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Question DetailsAsked on 6/18/2015

I have an attic blanket over my insulation but the blanket is coming loose

Should it be stapled down again over my insulation? I have also heard attic blankets are a fire hazard. Should I have it removed instead?

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3 Answers


As an old house doctor and one with a radiant barrier in my attic here's my take LCD.

1)Radiant barriers should be installed stapled to the roof rafters to prevent dust build up and not lose effectiveness thru conductivity loss by being placed directly in contact with the insulation.

2)In my home radiant barrier was worthless in winter and very effective in summer,, My a/c bill halved.

3) You can purchase it for about 10 cents a square foot online and do not forget to wallpaper all sides of the roof leaving openings for your ridge vent and soffit vent chutes. Attic ventilation is critical to allow moisture (& heat in the summer) to escape.

Jim Casper Gutter Cover and Gutter Contractor

ps for ideas on your gutters and covers & my experience with radiant barriers see my blogs


Answered 5 years ago by jccasper


Following are links to a number of prior responses about insulation blankets and similar products:

As for the fire hazard - the blanket itself is not a hazard unless there is an ignition source nearby, in which case the non-fireproof plastic ones obviously will burn intensely, but generally (unless you have HVAC equipment up there) attics are not a major fire hazard area. One major exception - putting one right over a recessed or can light (or transformer for those) so it causes overheating of the light, or the light catches plastic-coated blanket on fire.

As for stapling down - as long as there is not free airflow out from under the blanket, whether it is laying on the insulation under it or stapled down likely makes little difference - a small airgap under it actually provides more insulation as long as that trapped air cannot flow out around the edges of the blanket. If the "blanket" is a radiant barrier rather than "insulation", the air gap is actually necessaryu for it to work, and it is best installed with an airgap and abilitiy for airflow under it to prevent condensation issues.

Answered 5 years ago by LCD


A comment on Jim Casper's reply - if you put a radiant barrier on the underside of the rafters, especially in cold climates, be sure to start it a foot or so upslope of the eaves, or if you have eave chutes that completley block the eaves, then "uphill" of those, so moist air coming up from the house along or through the outer walls can get ventilated byh the air coming through the eaves. Even more important, leave a gap at the top as wide as the ridge vent slot, so the hot air in the attic under the radiant barrier can escape through the ridge vent (assuming you have one) rather than getting trapped and heating up hotter and hotter under the radiant barrier.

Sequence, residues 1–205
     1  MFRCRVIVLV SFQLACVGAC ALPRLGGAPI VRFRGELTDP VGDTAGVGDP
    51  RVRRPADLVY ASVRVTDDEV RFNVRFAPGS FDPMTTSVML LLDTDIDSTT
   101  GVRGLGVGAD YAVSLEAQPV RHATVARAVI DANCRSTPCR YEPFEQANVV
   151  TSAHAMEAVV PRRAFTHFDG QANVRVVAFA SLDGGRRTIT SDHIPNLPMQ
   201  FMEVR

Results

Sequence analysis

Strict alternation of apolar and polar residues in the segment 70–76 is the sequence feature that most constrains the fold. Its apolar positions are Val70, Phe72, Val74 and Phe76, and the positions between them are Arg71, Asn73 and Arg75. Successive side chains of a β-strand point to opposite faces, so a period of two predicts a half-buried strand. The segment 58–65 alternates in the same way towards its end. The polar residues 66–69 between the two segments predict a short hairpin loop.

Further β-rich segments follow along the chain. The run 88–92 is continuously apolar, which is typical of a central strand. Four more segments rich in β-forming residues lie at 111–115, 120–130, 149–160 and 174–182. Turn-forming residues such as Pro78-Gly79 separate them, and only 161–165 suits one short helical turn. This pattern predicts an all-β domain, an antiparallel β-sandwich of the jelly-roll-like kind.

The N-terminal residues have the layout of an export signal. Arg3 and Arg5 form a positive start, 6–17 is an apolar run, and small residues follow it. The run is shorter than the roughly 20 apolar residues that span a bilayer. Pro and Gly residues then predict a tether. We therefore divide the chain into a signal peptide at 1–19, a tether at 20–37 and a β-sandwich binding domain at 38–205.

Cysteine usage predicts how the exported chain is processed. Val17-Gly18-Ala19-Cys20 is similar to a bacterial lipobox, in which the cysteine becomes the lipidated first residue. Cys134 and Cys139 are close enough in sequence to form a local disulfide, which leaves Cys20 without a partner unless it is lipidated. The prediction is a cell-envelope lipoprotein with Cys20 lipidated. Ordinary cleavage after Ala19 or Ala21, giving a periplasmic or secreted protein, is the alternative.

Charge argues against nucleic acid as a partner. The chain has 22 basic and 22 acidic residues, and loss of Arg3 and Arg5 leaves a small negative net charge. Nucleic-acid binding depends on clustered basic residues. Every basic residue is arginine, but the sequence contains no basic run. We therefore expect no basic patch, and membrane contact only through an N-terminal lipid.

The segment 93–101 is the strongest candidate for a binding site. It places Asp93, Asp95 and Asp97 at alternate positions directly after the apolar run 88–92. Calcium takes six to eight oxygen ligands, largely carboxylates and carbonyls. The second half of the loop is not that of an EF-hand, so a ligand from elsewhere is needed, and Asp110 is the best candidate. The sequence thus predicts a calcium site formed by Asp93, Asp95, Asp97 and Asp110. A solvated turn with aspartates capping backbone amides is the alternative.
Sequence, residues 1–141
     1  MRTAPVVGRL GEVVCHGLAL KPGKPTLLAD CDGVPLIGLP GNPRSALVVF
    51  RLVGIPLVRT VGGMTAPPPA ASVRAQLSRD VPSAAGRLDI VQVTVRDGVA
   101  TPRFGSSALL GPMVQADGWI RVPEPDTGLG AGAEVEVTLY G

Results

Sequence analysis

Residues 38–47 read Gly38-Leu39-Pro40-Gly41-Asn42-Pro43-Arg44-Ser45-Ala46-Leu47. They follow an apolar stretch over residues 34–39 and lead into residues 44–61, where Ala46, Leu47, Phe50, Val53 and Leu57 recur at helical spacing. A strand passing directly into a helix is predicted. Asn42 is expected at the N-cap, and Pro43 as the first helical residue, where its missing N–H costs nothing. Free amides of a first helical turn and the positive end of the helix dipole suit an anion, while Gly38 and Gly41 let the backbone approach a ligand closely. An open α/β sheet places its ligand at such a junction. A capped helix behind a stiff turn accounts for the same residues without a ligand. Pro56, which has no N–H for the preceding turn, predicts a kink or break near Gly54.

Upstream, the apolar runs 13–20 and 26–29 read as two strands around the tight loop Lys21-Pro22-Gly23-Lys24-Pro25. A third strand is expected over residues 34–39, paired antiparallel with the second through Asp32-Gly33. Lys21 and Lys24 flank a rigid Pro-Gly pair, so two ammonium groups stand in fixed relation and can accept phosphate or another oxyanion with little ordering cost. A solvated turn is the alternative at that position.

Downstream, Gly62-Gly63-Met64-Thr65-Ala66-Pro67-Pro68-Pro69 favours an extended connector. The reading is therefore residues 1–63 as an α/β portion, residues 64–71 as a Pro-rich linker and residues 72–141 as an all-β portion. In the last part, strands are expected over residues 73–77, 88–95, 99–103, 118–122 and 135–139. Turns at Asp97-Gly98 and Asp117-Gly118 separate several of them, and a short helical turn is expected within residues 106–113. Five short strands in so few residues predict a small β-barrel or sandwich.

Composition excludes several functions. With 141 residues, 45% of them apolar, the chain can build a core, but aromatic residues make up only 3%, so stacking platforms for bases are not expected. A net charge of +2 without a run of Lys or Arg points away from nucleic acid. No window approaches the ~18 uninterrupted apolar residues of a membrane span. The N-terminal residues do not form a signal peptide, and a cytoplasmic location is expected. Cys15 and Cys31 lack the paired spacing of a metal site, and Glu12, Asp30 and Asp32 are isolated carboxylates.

Personally, based on seeing a fair number of these, I don't buy Jim's statement that putting it on the underside of the rafters (which granted is a better place than on the floor insulation) reduces dust accumulation - I have seen a continuous dust layer on rafter underside-mounted radiant barriers in only a year or two same as if it was on the floor - that is one of the major flaws in radiant attic barriers, because once they are covered in dust they are no more longer effective in reflecting the heat back where it came. One of these things that is fine in theory but comes far short of promises in practice.

One of the major problems with over-insulation installation is, like Jim says, it has to have an airgap under it to work so it cannot just lay on the insulation directly. Also, unless it has significant air holes to let underlyhing trapped moist air out, it can act to hold in household moisture coming through into the attic, so unless all household air sources are THOROUGHLY sealed before insulating, you can get free moisture or frost on the radiant barrier, leading eventually to mildew and even rot in true winter areas.

Answered 5 years ago by LCD

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